The Regional District of North Okanagan (RDNO) reminded its residents to submit applications for secondary dwellings on properties within the Agricultural Land Reserve by Thursday, as they would be prohibited Feb. 22, 2020, after changed provincial regulations go into effect.
But the only change that will affect secondary residences come February is the processes manufactured or mobile homes must go through before approval, according to the Ministry of Agriculture.
Applications will have to go through two levels of approvals — the RDNO and the Agricultural Land Commission (ALC).
Secondary residences — manufactured or mobile — on ALR lands will not be banned.
In February 2019, provincial regulations changed affecting properties within the ALR and a major change involves secondary residences for a member of the property owner’s immediate family.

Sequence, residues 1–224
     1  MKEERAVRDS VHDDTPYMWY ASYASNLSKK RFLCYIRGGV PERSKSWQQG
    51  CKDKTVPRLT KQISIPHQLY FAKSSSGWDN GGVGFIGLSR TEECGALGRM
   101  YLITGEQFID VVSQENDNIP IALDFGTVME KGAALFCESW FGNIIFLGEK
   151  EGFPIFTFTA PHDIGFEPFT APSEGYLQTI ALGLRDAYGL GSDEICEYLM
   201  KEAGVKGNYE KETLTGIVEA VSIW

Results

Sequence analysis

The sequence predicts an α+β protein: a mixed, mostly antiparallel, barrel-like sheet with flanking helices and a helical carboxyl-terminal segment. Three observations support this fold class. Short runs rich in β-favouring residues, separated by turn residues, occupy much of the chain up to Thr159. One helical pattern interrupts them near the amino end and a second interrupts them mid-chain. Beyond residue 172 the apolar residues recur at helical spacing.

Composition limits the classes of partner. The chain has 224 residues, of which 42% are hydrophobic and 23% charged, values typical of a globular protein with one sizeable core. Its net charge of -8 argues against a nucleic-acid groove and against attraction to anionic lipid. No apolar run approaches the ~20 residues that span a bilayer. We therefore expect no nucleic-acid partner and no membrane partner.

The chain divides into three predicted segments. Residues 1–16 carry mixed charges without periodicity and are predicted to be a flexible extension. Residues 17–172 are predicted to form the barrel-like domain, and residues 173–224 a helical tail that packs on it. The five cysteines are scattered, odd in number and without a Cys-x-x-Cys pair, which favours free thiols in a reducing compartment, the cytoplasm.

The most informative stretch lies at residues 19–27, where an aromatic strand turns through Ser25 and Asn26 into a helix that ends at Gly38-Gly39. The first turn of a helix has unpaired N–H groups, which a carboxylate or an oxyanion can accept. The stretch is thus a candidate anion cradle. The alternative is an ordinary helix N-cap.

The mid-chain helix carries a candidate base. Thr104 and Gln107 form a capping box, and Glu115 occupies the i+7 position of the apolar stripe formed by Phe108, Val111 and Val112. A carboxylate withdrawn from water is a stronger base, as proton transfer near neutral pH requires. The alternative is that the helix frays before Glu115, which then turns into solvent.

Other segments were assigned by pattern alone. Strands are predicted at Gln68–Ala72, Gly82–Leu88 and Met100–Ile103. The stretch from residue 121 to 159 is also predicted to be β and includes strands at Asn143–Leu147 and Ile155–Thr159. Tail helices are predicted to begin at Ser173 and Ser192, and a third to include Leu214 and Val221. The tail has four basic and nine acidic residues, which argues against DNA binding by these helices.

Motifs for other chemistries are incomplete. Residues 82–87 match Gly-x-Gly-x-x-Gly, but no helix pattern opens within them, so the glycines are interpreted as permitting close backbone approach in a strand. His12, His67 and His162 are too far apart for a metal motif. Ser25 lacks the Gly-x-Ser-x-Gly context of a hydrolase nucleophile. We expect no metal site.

The RDNO said residents within the building inspection area (Electoral Areas B, C, D, E, F, Lumby and Spallumcheen) must obtain building permits before the Feb. 22 deadline. They had recommended applications be in by Jan. 23, as at least 30 days are required by staff to assess them.
The ministry clarified that while regulations were being revised, people had already purchased manufactured homes for immediate family and this backlog was granted a “grandfathering period,” extending deadlines for people not farming on the ALR to have manufactured homes on their property.
Following the deadline, the agriculture ministry said applications will still be considered, they will just have to undergo additional consideration from both the local government and ALC.
According to the ministry, the ALC reviews every application on a case-by-case basis as each farm and ranch is different and has its own residential needs that change over time. The ALC makes a decision based on specific facts that are consistent with its mandate.
A core part of the ALC’s mandate is to protect farmland for farming.
The reason for the provincial changes regarding secondary dwellings on ALR lands in the first place, the ministry said, was to ensure land would remain affordable for those intending to farm it — as it was so purposed.